I was reading an article on Snooth.com by Gregory Dal Piaz entitled “6 Current Issues in the Wine Industry.” It is one person’s commentary on an industry that I have spent 20+ years trying to figure out, being an industry insider myself. The article attempts to paint each level in the three tier system as being perhaps one big piece in an otherwise larger problematic puzzle. Earlier this week, Steve Heimoff of Wine Enthusiast fame rebutted Gregory’s portion of the article pertaining to the 100-point scale, which I thought, okay, no surprise there, but the article from Mr. Dal Piaz had me thinking about a different aspect of his argument – lazy retailers.
Of course this is going to resonate with me – I am in wine retail for crying out loud, but I wasn’t offended by the argument. No, no, no. You see, I am proud of the fact that at our stores, we aren’t lazy; we LOVE talking to our customers, asking them questions, showing them wines that they wouldn’t otherwise know about – you know the ones, the wines that almos never get reviewed by Spectator, Parker, Enthusiast, and the like. It’s not their fault – there is a shitload of wine out there on the market at any given time, something like 250,000 different SKUs (products). That is a lot of wine, and I don’t think anyone person, or institution for that matter, could taste all those wines in the course of a year. (The math factors out to be about 685 wines per day every day for one year. I taste 30 wines and I am blotto! Even with excessive expectorating!)
Sure we post all the reviews we can find for the wines we carry – including reviews from Spectator, Parker, Tanzer, Enthusiast, Wine & Spirits, Connoisseur’s Guide, Beverage Dynamics, BTI, and anything else out there – and we could just call it a day at that point. But we are all super geeks about wine around here. And I don’t care how shitty a day I am having, nothing makes me forget about all the bullshit I am dealing with over the course of my day than stopping to talk to a customer about wine. It’s like sunshine on a rainy day.
It’s all about relationships and trust. That is the way it is for any business, but I think it’s crucial to success in the wine business because wine is personable, it’s intimate, it’s in and of itself a relationship. To sell someone a wine solely because of a bigger profit margin, or because it scored 99+ in whatever wine magazine leaves you open to the possibility that this may be the one and only opportunity you have to establish trust with this customer. If they don’t like that wine, they more than likely won’t be back. Sure your suggestions are never going to be perfect, but wine is not for the “hard sell.” Ask questions, find out what the customers’ likes and dislikes are, what is the occasion for the purpose – party? Dinner? Gift? Cellar? I have a guy on our staff that people come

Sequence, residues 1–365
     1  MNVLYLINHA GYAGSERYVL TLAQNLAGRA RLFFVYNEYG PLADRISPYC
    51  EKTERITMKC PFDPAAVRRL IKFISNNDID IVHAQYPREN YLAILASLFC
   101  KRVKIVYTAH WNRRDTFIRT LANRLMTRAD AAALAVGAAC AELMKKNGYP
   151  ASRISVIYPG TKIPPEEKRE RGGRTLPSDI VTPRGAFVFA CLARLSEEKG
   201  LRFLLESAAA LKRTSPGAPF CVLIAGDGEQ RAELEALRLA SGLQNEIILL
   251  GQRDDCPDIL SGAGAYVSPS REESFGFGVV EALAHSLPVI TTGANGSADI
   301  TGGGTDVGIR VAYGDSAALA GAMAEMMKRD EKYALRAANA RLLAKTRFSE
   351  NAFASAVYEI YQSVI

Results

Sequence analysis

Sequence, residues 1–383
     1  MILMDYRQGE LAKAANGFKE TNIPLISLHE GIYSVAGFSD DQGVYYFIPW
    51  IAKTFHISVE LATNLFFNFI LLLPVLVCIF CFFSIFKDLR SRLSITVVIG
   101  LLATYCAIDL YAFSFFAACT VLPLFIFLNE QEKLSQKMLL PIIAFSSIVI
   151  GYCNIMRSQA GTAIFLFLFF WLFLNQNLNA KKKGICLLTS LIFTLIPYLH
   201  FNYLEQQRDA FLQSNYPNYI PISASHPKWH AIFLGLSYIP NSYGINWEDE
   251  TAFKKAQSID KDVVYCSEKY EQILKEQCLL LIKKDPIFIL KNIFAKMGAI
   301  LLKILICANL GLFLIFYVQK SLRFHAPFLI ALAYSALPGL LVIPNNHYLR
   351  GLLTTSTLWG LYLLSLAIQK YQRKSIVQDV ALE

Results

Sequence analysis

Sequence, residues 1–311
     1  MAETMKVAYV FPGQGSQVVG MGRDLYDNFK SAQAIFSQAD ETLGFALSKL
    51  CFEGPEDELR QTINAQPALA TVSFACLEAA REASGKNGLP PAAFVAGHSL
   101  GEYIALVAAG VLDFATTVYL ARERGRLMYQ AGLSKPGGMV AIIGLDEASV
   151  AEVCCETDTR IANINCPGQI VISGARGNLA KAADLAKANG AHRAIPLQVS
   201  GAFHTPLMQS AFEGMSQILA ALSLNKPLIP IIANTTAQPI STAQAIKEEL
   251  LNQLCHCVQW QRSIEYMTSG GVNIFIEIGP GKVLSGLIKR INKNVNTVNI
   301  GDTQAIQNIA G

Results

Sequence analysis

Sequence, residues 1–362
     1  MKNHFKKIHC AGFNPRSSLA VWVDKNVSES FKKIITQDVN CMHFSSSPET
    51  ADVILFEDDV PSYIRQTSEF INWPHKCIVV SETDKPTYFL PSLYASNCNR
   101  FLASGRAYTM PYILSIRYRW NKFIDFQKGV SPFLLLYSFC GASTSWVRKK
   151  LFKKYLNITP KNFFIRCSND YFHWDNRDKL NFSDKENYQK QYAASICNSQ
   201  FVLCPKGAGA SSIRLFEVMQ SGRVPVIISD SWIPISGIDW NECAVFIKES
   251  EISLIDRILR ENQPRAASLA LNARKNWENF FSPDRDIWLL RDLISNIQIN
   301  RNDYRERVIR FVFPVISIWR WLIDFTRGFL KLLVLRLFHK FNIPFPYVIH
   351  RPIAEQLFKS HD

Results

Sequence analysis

from all over the place and ask for him by name, because this guy remembers what you bought last, your likes and dislikes, hell, he even remembers YOUR NAME.
There are a lot of big spirits warehouses that resemble a Wal-Mart and there isn’t help in the wine department for miles – you are essentially on your own. You might be able to find some great deals, but you are really missing out on a whole other world of wine.
And as a wine buyer for the store, I could just as easily build our selection solely on big scores, but if every wine was reviewed 90 or above, what would be so special about the score? I don’t stock shitty wine, but there is so much out there that isn’t reviewed at all, and is truly exceptional for whatever reason – be it price, uniqueness, typicity – I think of it as stocking a candy store with more than just chocolate. There’s caramel, marzipan, mint, toffee, candied fruit, etc., etc. Same with wine, there is more than just big scores, which are merely simplified quantifications of noteworthy wine writers’ opinions, nothing more. Each reviewer has his or her own subtext of biases, partially because they cover only a small portion of the world of wine. Steve Heimoff, for example, takes the California beat for Wine Enthusiast. I am sure he has great reviews of wines from Italy or France, but he’s Enthusiast’s California guy. Likewise, my mentor David Schildknect from Robert Parker is renowed for German and Austrian reviews. He knows a lot of about wine in general, but he is most known for being a reviewer of Germany and Austria. They have spent a lifetime covering their respective beats and it only stands to reason that they have an inherent bias toward that particular part of the wine world. No big deal. As a consumer, you hopefully identify with the reviewer closest to your palate, but you should always make the final judgment – after all, you are the one buying these wines, you are the one that has to live with your choices, as with anything else.
I think that Gregory Dal Piaz makes some valid arguments, but I think that in the end, the wine business is like anything else in life, inherently flawed, deeply complicated, yet nevertheless extraordinary and inspiring.